Mar 3:26 And if Satan rise up against himself, and be divided,

Mar 3:26 And if Satan rise up against himself, and be divided, he cannot stand, but hath an end.
Alternative: And if adversity rouses to action up against itself and is minimized, it cannot last but it has a purpose.

In the standard translation, this line seems to just rephrase the previous few verses, but it does much more than that. It doesn't talk about adversity casting out adversity or how kingdoms and houses cannot be divided between two warring authorities. It brings in the new concepts, of "rousing people to action" and, most importantly, the idea of telos, that is, purpose. In this verse, Christ is simply telling us the purpose of adversity, that is, explaining the need for problems and suffering. Of course, much of this is lost in the desire to personalized "Satan" instead of simply translating the word into what it means, which is "adversity."

Adversity cannot eliminate itself.

Mar 3:23 discussed here). Nor is adversity caused by some war between the gods (a pagan view that unfortunately touches many versions of Christianity) as Christ explains in Mar 3:24 (discussed here). Adversity is subject to God's will as a "house" within his kingdom (Mar 3:25 discussed here).

The key for me in understanding this verse is the use of the world telos, which means "end," but not only in the simple sense of a finish to something. It carries with it a strong sense of purpose, bringing something to completion to meet a goal. Its "light weight" translation simple as "end" misses one of Christ's key points throughout the Gospels: events and especially suffering have a purpose. Understanding this sheds important light on critical ideas such as "the end of the age" prophecies that Christ makes (discussion of that section of Matthew starts here).

Instead, adversity wakes up opposition in us against it. It exists to call us to action. Though the ideas seem at first similar to the words in the previous verses, the idea of adversity "rising up" against itself is added here, not to deny that it happens but to explain its purpose. In the previous verses, Christ describes the impossibility of adversity ejecting itself or dividing itself. However, those similar words are changed here

This opposition to adversity ends up dividing or minimizing it. In the process, we learn and grow. This make each individual problem temporary, and adversity as a whole cannot stop us. This is the purpose of adversity in the end.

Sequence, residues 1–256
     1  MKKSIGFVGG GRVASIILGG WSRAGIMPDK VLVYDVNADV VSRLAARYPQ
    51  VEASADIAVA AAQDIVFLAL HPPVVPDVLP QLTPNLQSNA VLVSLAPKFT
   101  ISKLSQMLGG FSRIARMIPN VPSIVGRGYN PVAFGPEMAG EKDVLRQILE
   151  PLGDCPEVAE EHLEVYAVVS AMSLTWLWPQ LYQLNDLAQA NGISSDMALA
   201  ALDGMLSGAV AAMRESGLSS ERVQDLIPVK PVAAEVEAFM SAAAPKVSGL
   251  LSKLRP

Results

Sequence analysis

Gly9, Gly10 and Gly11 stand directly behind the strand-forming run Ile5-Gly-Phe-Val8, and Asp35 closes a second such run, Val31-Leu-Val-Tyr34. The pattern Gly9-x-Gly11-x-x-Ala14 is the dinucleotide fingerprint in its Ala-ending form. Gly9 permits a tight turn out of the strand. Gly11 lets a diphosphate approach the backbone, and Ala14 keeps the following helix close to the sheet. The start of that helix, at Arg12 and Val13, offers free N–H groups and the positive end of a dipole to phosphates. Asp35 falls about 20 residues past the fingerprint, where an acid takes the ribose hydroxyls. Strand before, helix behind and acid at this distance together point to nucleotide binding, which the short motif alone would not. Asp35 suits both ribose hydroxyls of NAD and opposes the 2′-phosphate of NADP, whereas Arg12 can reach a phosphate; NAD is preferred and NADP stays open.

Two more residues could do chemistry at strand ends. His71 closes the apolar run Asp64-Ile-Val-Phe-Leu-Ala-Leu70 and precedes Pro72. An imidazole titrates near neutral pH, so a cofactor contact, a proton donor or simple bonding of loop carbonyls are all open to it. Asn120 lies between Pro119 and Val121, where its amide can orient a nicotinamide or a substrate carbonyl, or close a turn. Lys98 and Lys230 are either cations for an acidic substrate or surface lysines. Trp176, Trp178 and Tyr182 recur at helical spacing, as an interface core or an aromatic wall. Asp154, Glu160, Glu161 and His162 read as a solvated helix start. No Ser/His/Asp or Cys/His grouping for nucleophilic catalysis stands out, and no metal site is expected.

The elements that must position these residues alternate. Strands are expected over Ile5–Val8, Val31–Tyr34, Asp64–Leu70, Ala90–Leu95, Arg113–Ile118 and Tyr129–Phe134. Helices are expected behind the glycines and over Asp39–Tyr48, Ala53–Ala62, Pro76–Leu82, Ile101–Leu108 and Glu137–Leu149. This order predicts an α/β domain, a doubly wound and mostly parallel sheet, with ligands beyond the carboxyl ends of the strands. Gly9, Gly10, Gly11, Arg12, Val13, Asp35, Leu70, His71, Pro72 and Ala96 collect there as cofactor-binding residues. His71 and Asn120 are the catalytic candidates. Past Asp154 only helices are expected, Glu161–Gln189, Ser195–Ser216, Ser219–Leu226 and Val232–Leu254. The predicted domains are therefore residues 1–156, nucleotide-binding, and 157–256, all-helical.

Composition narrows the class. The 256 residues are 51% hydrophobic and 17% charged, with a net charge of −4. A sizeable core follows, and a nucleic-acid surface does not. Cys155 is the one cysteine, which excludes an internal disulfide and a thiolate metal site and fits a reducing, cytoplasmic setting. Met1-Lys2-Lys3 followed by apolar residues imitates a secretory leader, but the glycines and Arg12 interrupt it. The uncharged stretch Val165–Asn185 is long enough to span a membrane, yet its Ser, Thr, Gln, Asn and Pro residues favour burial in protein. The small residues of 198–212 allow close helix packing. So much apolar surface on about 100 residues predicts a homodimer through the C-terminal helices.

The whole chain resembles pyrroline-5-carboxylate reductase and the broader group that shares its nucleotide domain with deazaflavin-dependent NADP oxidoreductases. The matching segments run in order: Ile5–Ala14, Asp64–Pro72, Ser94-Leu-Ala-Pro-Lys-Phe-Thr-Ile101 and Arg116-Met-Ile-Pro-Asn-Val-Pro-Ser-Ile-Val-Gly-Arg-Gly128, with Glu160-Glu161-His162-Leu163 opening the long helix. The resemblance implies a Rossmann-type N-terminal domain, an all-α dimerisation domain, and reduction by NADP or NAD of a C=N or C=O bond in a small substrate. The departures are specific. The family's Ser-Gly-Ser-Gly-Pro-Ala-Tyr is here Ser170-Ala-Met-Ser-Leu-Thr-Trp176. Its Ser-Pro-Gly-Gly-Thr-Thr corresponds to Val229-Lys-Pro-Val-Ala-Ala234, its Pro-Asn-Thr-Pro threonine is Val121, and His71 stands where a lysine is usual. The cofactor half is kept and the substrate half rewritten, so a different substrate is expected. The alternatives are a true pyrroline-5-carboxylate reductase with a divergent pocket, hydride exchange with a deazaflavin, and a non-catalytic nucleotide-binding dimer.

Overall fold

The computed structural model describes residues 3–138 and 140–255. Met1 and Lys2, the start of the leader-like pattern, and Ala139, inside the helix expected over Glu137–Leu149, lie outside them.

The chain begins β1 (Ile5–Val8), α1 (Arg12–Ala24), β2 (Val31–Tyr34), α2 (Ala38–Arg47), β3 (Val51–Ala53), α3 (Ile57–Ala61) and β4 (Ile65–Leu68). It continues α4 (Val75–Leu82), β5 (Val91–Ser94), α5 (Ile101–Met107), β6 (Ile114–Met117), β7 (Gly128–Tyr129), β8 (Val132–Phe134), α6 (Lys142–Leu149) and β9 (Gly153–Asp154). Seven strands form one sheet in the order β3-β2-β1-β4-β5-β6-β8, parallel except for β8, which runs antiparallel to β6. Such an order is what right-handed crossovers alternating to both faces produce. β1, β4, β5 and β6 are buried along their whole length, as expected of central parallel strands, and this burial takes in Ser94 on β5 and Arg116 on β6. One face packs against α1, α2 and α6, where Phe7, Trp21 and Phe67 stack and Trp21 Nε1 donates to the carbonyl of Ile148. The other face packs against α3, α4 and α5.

"Rise up" is from anistêmi (anistemi), which means "to make stand up", "to raise up", "to raise from sleep", "to wake up", "to raise from the dead", "to rouse to action", "to put up for sale", "to make people rise", "to emigrate", "to transplant," and "to rise and leave the sanctuary."

"Against" is from epi, which means "on", "upon", "at", "by", "before, ""across," and "against."

"Divided" is from merizô (merizo), which means "divide", "distribute", "assign", "sever", "cut-off," (passive) "to be divided", "to be dispersed," and "to be reckoned a part."

"Can" is from the verb, dunamai (dunamai) which means "to have power by virtue of your own capabilities", "to be able," and "to be strong enough."

"Stand" is from histêmi (histemi), which means "to make to stand", "to stand", "to set up", "to bring to a standstill", "to check", "to appoint", "to establish", "to fix by agreement, ""to be placed", "to be set", "to stand still", "to stand firm", "to set upright", "to erected", "to arise," and "to place." Like the English words "put" and "set," it has a number of specific meanings from "to put down [in writing], ""to bury", "to establish", "to make", "to cause," and "to assign."

"End" is from telos, which means "come to pass", "performance", "consummation", "result", "product, ""outcome", "end", "achievement", "attainment", "goal", "state of completion, ""maturity", "services rendered", "something done", "task", "duty", "toll," and "custom."

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